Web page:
As chiropractors, we often hear patients explain to us that their pain is due to something being “out”. For example, it’s common to hear phrases such as “my back went out again”, “my hips are out”, or “I can feel my neck is out”. Upon examination however, we find that there are other, more accurate reasons causing their symptoms, which give the perception that there is a bone or joint out of place.
Traditionally, when chiropractic was in its infancy over 100 years ago, chiropractors believed that a person’s pain and other disease symptoms were the result of a pinched nerve and interrupted nerve communication within the body that would occur after a spinal bone literally slipped out of position and compressed an adjacent nerve root. This was known as a subluxation and was represented by a “bone-out-of-place” model that was analogous to a garden hose being kinked, impeding water flow. Unfortunately, this is an over simplistic explanation. Today’s research has instead replaced this model with a multifactorial evidence-based model which suggests that a person’s symptoms are the result of restricted joint motion and its physiological consequences.
When a patient’s complaints are truly due to a joint problem, we commonly find that their symptoms are because one or several joints are lacking normal motion. This meets the American Chiropractic Association’s modern view and definition of a subluxation, which is “a complex of functional and/or structural and/or pathological articular changes that compromise neural integrity and may influence organ system function and general health”. These restricted joints can be thought of as getting “stuck” in a certain direction and may result from poor posture, trauma, stress, muscle tension, or disease. When these restrictions occur, there is an inherent biomechanical dysfunction when we try to move or use the involved joints. This is a type of physical stress which can result in numerous problems. There will often be inflammation and pain at the joint, muscle guarding or spasm, and adjacent nerve root irritation which together result in the patient’s presenting musculoskeletal symptoms. In chronic cases when a joint is fixated for a prolonged time, it becomes prone to early degenerative changes since the body will begin to lay down more bone and remodel at the areas of abnormal load and stress. Adhesions may also develop surrounding the joint, as part of this process, and spinal discs may become more narrowed and prone to herniation or other injury. In addition, synovial fluid which lubricates and nourishes the joint’s bony surfaces, becomes stagnant and more viscous.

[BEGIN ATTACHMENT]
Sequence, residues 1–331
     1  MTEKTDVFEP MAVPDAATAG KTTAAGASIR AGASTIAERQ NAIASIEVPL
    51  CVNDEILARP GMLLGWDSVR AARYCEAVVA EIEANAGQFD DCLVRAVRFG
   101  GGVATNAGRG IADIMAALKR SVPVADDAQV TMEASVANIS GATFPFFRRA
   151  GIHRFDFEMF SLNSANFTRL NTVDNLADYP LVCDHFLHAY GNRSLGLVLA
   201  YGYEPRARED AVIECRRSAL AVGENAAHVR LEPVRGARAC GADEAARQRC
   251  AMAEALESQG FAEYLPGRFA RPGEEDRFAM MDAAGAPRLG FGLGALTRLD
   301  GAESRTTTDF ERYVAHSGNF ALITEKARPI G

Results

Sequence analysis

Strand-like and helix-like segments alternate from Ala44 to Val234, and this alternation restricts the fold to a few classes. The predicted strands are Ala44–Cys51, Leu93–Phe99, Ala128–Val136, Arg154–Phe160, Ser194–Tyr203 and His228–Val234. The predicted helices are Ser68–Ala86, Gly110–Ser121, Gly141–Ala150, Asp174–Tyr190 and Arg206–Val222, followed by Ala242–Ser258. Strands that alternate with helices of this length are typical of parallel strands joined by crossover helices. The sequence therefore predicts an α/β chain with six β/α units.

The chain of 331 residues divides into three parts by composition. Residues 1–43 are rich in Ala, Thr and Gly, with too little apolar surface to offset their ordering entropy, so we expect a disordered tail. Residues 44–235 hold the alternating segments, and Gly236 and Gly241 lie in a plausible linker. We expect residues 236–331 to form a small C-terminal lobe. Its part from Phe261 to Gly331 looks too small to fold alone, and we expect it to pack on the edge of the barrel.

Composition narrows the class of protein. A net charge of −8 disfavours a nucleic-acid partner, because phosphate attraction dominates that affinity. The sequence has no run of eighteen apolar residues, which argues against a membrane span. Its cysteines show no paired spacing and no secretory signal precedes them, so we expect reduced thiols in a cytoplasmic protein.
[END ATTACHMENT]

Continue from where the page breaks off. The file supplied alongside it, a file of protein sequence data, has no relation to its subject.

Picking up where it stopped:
In the end, joint restrictions should be treated whether there are symptoms present or not and chiropractors are the best professionals trained to identify and correct such problems. Treatments vary but will often include some form of spinal/joint manipulation that best suits the patient’s needs. Chiropractic care thereby reduces pain symptoms by restoring normal joint range of motion, lowering localized inflammation, and limiting potential for future joint dysfunction.
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